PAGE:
Impeccable, well groomed, serious, tasteful, pragmatic, approachable, never cold or snobby, always striving for authenticity—these, indeed, are traits that could be used to describe his playing. In 2004, he played an unforgettable recital at St. Paul’s Church in Brookline, Massachusetts. Entitled “From the Classic to the Neoclassic,” the concert was a survey of Italian organ music from the eighteenth through the twentieth centuries. The instrument was a two-manual organ in a room seating only 200 people. From the first notes he played, he grabbed my attention with phrasing and lyricism that made me think the room was five times its size—grand but never dragging, elegant but never cool. Stylistically, every piece was beyond reproach. He elevated the repertoire, the organ, even the acoustics to his own high standards. Yet it never felt like an academic experience, but rather like a person communicating music to an audience. It was music-making of the highest order—all the more impressive because the repertoire contained no “masterpieces.” (This wasn’t Bach’s Passacaglia or Franck’s A-minor Choral.)
Even the greatest organists sometimes have an off night. Yet you just never heard about Massimo ever playing a recital, or even a piece, that wasn’t up to snuff. And he played everywhere. He played concerts in every part of Italy, in every country in Europe, in the United States, Canada, Mexico, South America, Russia, Japan, Korea, Hong Kong, Australia, and New Zealand. His vast repertoire included the complete works of Frescobaldi, Buxtehude, Bach, Mozart, Mendelssohn, Franck, Hindemith, Alain, and Duruflé.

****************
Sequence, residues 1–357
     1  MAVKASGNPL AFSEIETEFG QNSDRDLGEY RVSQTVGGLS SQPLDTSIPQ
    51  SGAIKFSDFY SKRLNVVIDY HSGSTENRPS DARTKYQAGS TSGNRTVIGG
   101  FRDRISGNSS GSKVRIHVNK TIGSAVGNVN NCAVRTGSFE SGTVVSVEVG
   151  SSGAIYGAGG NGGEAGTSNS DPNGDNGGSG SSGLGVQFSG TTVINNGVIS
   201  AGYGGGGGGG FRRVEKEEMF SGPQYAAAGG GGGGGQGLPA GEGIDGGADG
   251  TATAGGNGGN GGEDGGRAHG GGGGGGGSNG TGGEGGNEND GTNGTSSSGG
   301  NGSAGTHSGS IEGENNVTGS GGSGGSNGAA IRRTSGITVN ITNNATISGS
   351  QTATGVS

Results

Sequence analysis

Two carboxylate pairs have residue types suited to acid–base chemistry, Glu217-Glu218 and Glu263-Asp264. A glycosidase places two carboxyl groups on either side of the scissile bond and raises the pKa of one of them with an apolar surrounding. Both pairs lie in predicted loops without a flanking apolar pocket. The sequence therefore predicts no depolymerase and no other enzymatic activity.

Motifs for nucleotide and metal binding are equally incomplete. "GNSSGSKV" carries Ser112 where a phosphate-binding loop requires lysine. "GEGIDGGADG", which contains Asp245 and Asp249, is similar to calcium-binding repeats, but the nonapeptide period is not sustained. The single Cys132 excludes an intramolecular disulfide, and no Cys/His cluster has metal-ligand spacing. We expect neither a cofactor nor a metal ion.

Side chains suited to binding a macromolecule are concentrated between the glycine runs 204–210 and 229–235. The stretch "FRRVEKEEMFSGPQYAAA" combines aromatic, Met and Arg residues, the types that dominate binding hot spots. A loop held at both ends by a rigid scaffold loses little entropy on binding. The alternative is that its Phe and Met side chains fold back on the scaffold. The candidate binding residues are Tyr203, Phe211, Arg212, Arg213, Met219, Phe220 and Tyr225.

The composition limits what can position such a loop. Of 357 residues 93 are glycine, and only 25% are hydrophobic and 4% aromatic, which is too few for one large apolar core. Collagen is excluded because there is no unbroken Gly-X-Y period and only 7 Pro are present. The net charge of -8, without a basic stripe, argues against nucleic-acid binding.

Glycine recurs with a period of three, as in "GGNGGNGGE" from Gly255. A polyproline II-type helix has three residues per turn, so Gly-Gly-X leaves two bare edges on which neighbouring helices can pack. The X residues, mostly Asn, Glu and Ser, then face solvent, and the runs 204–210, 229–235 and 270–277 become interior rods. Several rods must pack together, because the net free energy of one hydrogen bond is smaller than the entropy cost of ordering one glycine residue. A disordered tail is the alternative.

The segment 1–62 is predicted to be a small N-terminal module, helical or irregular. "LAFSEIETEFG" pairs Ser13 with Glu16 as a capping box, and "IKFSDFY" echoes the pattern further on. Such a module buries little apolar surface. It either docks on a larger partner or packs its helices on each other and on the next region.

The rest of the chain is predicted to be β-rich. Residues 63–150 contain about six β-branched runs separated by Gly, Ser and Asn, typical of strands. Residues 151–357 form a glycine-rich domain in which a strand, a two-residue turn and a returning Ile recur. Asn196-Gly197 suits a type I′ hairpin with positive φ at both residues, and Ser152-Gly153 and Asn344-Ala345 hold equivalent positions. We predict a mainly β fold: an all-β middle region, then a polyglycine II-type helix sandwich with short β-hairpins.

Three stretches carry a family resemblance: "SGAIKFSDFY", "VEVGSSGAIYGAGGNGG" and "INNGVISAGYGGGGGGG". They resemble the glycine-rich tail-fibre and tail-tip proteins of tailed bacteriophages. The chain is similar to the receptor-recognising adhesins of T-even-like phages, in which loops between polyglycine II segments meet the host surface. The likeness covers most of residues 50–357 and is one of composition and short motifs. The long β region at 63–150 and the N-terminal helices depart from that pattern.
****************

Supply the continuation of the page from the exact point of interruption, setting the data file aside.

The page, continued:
Massimo hosted my very first concert in Italy. I had dear friends who lived in Torino near the Basilica di Santa Rita. From the first time I set foot in the special ambience of the basilica, I dreamed of playing there one day. Massimo allowed this dream to become a reality. It was during his tenure that the basilica purchased a wondrous instrument by Zanin, built in 1990—a four-manual tracker, very unusual for Italy! But it was more than just the instrument. It was the magic of the piazza, the magic of the basilica that dominated it, the magic of getting to play my first recital ever in Italy . . . and the magic of Massimo Nosetti, the gentleman who was the reason it all was happening.
Massimo was a faithful, confident man who, at the same time, took nothing for granted and made no assumptions. Every note he played, every lesson he taught, every aspect of every project he embarked upon—everything counted.
Massimo Nosetti had colleagues and friends throughout the world. This tribute is merely a tiny token of the impression that he made in Italy and France. I translated the Italian reminiscences; the French reminiscences were translated in collaboration with my wife, Jeanette McGlamery.